Re: Re: Power Struggles After Move-In
From: Elizabeth Stevenson (
Date: Tue, 11 Dec 2001 10:37:01 -0700 (MST)
We have what we call a "point of humor", in addition to the usual "point of
process",  "point of information", etc., that we have legitimized in order
to be able to continue orderly meetings with some spontaneity. It is
therefore completely within our rules to speak out of turn, as long as it's
funny. We also have a figurative "bin"(not in the English sense of a trash
container!), in which we keep ideas or problems that people want to discuss
at a future date, but would be inappropriate to derail the meeting to

For instance, David agrees with a decision, but not the process before the
meeting, and asks to have a discussion of notification procedures put in the
bin. It gets written on a big pad of paper we keep for this purpose. A few
weeks or months later, it gets put on the agenda as a discussion item.

We have had countless meetings where we have had what some might consider
poor process, as described below. But we also know when a meeting needs to
be structured. For instance, a budget meeting doesn't have a lot of
frivolity. But a meeting where we ware having a values discussion might get
pretty loose. The amount of sticking to the rules depends greatly on what is
being discussed.

That said, we have had our share of bad times with meetings. There was an
entire year that I didn't attend, because I didn't like how they were being
run. We were in a phase of tightening up the process, after it had gotten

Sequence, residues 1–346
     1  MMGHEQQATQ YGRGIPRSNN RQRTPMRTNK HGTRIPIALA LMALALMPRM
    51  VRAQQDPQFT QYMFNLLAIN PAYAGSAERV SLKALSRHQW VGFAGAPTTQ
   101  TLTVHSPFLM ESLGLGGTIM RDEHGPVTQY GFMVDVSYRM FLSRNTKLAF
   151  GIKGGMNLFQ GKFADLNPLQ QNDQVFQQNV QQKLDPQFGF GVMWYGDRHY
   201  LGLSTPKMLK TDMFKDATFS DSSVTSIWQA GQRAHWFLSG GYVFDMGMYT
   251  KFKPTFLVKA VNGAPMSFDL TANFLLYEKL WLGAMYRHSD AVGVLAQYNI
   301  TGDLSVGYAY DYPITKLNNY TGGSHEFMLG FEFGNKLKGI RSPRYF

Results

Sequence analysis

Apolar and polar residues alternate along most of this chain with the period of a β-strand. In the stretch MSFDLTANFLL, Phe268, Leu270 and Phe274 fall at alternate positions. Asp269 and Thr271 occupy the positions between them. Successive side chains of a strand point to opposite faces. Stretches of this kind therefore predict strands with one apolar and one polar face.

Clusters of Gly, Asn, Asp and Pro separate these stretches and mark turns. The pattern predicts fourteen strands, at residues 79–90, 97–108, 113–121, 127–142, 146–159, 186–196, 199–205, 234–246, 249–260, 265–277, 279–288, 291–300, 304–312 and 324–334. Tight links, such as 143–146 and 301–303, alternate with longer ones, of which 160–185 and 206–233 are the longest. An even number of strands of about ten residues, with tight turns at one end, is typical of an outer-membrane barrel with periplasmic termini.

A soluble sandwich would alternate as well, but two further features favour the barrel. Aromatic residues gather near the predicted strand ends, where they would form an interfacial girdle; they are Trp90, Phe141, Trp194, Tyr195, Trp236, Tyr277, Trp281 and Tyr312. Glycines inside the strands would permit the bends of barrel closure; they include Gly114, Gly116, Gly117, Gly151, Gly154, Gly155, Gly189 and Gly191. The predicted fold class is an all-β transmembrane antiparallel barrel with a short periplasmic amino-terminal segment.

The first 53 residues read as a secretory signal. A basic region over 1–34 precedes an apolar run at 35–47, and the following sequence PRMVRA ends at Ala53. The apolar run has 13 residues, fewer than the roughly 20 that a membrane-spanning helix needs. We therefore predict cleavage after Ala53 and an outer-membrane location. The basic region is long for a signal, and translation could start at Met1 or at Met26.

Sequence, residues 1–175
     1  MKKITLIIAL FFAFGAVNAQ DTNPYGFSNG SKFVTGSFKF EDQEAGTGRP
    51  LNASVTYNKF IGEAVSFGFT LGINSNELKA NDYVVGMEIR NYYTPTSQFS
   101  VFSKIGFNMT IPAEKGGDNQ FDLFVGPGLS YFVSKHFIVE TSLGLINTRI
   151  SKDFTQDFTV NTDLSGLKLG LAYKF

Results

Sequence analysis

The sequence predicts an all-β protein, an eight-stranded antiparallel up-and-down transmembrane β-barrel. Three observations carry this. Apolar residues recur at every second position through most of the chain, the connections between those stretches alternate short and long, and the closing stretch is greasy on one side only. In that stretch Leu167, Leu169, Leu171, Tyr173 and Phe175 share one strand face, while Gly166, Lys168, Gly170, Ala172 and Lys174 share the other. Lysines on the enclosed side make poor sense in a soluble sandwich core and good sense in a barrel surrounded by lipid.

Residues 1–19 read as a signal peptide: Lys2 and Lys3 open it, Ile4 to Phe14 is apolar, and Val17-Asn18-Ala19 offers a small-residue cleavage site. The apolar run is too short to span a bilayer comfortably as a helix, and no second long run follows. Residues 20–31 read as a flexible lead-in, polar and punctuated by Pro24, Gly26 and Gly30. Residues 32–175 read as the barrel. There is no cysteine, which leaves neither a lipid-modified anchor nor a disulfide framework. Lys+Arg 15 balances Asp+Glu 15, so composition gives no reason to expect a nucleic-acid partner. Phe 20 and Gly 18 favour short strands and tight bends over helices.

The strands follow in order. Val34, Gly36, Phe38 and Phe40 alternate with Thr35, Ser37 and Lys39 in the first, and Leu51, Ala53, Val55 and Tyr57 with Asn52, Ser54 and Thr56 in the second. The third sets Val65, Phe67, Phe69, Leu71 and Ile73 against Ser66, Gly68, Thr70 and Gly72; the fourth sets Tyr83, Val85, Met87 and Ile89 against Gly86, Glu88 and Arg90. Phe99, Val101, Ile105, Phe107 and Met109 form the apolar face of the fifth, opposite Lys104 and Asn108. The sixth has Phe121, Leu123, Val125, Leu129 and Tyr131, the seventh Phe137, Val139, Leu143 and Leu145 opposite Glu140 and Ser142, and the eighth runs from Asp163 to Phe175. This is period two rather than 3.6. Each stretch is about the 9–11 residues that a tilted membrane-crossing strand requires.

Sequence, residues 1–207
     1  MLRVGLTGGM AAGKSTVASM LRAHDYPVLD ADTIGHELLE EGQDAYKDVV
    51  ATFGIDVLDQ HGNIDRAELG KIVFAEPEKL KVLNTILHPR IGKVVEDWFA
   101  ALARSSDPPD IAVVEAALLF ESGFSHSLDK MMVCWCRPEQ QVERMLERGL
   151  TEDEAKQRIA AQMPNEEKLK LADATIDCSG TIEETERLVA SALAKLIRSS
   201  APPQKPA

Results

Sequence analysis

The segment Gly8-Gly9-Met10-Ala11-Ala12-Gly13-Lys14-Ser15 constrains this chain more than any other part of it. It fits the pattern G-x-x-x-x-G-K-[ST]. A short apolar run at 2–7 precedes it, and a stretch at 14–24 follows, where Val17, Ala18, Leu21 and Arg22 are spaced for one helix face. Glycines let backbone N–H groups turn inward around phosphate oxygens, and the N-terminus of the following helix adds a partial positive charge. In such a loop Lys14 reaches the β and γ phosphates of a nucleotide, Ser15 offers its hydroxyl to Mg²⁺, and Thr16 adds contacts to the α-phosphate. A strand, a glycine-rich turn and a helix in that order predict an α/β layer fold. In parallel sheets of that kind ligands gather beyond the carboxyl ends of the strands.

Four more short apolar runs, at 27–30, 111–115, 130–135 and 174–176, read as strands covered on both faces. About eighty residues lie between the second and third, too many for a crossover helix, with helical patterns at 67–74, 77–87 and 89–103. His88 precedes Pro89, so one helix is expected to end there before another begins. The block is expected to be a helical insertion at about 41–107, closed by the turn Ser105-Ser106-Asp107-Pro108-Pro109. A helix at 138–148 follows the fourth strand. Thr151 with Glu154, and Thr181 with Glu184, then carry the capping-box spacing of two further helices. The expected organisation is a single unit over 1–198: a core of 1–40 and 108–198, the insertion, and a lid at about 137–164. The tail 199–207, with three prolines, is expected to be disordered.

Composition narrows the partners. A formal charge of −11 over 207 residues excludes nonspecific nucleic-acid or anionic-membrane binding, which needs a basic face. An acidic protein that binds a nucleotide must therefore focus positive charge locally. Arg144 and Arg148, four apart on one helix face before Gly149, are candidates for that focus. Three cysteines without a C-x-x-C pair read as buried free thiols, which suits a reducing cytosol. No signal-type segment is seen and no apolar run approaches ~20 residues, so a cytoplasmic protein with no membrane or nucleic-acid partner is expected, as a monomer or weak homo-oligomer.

lax. They went too far, and the same person, whose style I really disliked,
ran every meeting. Nobody can control cohousing by himself for very long,
and the pendulum swung back eventually.

Liz Stevenson
Southside Park Cohousing
Sacramento California

website is down until further notice
tamgoddess [at]

>> However, it happens when group members get happy with one another.  Not
>> necessarily that they agree, but they come together with a mutual sense of
>> excitement and eagerness.  The conversation gets unstructured, people
>> interrupt freely; they exchange visions, gags, quips, puns; they forget
>> time; they smile and make eye contact and perhaps touch; they sing,
>> ritualize, dramatize; they brainstorm, freewheel, and avoid hasty criticism
>> of ideas.
> I would kill for this kind of meeting. I so often feel micromanaged in our
> meetings. They are "nice" but not very inspiring and very controlled.
> Absolute agendas, time limits, speaking queues. All the things the current
> theory says is good process. We get stuff done but I often don't care -- I'm
> waiting to be engaged.
> We never follow an idea or thought through to its conclusion. Process seems
> to be more focused on the mechanics and not on depth of analysis.
> Sharon

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